We have all been troubled and shaken by the horrific mass murder in Orlando early Sunday morning. We struggle to take in the devastating loss of life and the darkness of such hatred. As always in such tragedies, the news carried countless hours of reports, updates, stories, and descriptions. Sometimes in the midst of such carnage there are accounts of great courage and heart-rending tenderness. Most bewildering of all, is trying to make sense of the shooter, the killer, some mother’s son who came to believe that his murderous plan was justified, entirely appropriate, even God-honoring.
Listening to the reports, it seems that this senseless act of violence is being interpreted, discussed, and debated from a variety of perspectives. In the aftermath of all the killing, while dozens of bodies were yet to be identified, government officials labeled this shooting an act of terrorism. Politicians immediately began to debate our national strategy in the war on terrorism and how to defend against such “lone wolf” attacks. Or is this an immigration issue? Shall we ban all Muslims from coming to America, judging the many by the actions of the one?
Some commentators are talking more about gun control, wondering how a person being investigated by the FBI for his espoused ISIS sympathies could still legally buy an assault rifle. Others seem focused on the LGBT community as a target for these kinds of hate crimes. And, even as we think about all these issues the bottom line does not change – the murder of 49 innocent victims and countless others wounded physically or scarred emotionally from having witnessed such terrible trauma.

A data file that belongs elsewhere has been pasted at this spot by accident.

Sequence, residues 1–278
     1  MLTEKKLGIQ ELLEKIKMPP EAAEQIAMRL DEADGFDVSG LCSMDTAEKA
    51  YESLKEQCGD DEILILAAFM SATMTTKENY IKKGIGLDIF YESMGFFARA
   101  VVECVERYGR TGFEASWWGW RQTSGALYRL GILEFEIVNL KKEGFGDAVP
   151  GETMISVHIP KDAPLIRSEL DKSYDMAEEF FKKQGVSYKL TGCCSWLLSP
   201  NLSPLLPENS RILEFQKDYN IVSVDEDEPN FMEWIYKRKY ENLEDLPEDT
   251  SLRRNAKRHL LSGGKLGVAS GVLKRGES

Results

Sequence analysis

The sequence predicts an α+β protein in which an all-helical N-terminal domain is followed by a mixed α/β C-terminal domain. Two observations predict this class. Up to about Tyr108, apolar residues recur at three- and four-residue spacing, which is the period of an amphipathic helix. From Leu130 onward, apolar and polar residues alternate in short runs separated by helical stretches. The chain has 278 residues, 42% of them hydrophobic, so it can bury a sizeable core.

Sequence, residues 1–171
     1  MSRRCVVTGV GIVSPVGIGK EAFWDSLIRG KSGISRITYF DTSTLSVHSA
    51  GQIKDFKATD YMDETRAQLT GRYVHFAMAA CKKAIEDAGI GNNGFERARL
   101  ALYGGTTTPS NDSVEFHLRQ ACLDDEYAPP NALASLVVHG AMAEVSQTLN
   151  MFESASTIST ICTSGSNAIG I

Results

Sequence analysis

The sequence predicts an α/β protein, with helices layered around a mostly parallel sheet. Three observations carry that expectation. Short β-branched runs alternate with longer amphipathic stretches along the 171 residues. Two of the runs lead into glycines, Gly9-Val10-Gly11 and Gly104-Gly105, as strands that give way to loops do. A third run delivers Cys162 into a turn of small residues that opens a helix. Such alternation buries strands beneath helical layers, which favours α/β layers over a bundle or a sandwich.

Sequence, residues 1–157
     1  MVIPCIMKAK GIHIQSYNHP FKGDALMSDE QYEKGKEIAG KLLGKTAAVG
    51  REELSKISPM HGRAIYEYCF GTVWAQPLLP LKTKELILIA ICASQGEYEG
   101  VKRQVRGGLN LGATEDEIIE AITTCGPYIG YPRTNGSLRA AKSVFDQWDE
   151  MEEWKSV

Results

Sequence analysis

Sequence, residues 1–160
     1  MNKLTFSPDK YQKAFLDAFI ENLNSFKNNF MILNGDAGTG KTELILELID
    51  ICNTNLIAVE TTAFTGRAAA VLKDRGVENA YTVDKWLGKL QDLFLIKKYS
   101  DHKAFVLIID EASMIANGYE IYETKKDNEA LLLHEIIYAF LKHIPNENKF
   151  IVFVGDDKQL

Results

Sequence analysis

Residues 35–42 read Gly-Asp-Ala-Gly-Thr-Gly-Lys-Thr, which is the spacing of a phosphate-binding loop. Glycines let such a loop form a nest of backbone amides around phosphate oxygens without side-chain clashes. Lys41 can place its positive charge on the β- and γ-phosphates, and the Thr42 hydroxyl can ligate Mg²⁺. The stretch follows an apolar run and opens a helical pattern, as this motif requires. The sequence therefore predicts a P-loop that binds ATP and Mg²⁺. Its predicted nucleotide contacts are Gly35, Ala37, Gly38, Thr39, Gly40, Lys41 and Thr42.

What goes on inside the human heart that gives rise to such hatred? How sick is our world that provides the soil in which hatred and intolerance can take root and produce such a deadly harvest? Ours is a world desperately in need of recall and redemption, a prodigal planet not yet willing to come home.
What shall we do? We pray for those who suffer, those who grieve, and we pray for those who are so disturbed and disillusioned that killing has more appeal than living. We light a candle in the darkness. We turn loose the love of Christ in a loveless world. We sow good seeds of grace, Gospel seeds, that can help and heal, turn and transform, soften and save. Against such love even this hateful world has no defense.
“For God so loved the world . . .” Everyone and each one. Always has. Still does. Always will.